• Or maybe you feel sad and regretful because of some mistakes you made early in the relationship and you worry that your partner might not ever truly forgive you and be able to move on. That’s hard, for sure. But on top of that sadness, regret, and fear, you’ve developed the habit of judging yourself as being “too emotional” and spinning stories in your mind about how no one would want to be with someone who’s “emotionally high maintenance.” Now you’re feeling bad about feeling bad, which — as I’m sure I don’t need to explain — leads to a whole other level of feeling bad and insecure.

The point is simply this: Feeling bad is hard enough without feeling bad about feeling bad. When you get into the habit of being self-critical and judgmental of yourself for how you feel, you cause yourself to feel bad about feeling bad, which is a key factor that causes and maintains feelings of insecurity and low self-confidence.

To counteract this habit, work on building a habit of self-compassion. Self-compassion just means being kind and understanding with yourself when you’re struggling rather than being harsh and judgmental. And luckily, it’s probably a skill you already have… In my experience, most people who struggle with self-compassion are perfectly good at being compassionate toward others… friends, family, coworkers, etc. The trick is to just apply the same standard of compassion to yourself as you do to other people.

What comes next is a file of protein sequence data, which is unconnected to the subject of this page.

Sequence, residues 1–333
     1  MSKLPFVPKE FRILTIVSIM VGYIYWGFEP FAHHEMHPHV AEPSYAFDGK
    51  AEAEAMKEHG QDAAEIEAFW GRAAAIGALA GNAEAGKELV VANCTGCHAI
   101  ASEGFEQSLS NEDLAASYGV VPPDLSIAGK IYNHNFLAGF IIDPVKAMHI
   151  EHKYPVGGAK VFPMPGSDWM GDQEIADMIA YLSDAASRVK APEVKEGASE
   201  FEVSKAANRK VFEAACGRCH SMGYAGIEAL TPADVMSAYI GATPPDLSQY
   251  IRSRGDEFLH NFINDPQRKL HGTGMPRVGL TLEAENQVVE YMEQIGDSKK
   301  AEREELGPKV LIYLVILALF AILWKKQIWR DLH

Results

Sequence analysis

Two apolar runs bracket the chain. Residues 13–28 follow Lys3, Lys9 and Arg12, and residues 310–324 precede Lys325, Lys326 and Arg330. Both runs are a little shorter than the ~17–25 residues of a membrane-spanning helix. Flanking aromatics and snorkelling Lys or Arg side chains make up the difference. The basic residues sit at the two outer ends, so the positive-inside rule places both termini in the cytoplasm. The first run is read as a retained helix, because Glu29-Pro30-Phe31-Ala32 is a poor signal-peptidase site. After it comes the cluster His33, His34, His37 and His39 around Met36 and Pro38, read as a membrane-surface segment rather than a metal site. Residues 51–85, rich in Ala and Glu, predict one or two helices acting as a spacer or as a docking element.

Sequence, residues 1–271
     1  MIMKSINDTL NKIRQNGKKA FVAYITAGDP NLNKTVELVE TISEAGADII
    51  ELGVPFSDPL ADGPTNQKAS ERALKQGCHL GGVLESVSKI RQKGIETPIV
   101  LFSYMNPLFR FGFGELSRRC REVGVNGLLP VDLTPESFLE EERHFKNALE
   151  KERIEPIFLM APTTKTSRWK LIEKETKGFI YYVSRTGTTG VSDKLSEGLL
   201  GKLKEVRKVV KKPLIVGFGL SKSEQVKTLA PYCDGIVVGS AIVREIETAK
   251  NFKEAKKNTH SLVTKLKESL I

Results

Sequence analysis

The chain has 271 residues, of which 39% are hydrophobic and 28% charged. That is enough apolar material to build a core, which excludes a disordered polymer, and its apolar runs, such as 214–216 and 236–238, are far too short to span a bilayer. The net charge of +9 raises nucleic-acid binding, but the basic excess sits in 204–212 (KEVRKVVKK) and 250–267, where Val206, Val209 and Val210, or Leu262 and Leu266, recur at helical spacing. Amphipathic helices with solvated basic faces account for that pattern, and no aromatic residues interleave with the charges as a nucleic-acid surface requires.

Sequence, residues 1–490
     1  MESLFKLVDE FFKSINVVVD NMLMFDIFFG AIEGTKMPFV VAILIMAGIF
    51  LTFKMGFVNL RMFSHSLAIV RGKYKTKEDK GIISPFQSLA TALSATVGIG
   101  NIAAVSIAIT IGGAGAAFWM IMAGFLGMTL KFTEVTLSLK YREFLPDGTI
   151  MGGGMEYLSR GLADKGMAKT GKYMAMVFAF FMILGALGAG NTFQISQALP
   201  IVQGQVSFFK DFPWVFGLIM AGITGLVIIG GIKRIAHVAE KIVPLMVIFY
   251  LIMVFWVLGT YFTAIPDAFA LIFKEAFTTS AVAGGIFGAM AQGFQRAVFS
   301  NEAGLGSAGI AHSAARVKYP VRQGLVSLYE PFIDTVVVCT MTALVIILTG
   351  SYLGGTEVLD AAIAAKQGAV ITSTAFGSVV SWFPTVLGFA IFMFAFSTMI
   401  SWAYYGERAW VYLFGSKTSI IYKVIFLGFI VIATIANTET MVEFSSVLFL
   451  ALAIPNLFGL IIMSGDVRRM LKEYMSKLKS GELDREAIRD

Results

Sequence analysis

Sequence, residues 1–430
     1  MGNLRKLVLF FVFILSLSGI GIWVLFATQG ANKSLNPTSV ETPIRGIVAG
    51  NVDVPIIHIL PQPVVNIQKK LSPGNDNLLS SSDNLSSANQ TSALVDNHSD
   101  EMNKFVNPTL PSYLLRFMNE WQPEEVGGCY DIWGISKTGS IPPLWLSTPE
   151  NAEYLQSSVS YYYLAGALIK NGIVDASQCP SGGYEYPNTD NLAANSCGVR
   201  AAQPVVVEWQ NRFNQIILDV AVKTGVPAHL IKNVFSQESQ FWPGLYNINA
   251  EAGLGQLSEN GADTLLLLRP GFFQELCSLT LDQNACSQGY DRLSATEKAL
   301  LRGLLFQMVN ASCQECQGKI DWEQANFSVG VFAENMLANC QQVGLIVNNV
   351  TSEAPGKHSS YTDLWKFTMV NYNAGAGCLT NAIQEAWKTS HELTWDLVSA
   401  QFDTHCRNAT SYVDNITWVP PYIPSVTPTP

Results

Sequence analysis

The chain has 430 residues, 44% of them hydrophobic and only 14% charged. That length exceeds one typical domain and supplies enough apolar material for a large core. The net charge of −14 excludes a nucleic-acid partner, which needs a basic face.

I guarantee you that you are not going to be criticized for feeling more secure in your relationship. But you just might compassion yourself into it.

RELATED: 5 Ways To Practice Self-Compassion That Will Help You Start Treating Yourself The Way You Deserve


4. They ask for reassurance too often.

It’s perfectly natural to want to feel reassured when you’re feeling anxious or insecure in your relationship:

  • You’re worried about whether your partner still finds you attractive, so you constantly ask them for feedback on everything from the way you do your hair to the color of your shoes. When they reply that you look nice, you feel relieved (for now…)
  • You feel anxious about your sexual performance, so you compulsively pepper your spouse with questions about “how it went,” which — obviously — kinda kills the mood afterward. But it makes you feel reassured (for now…)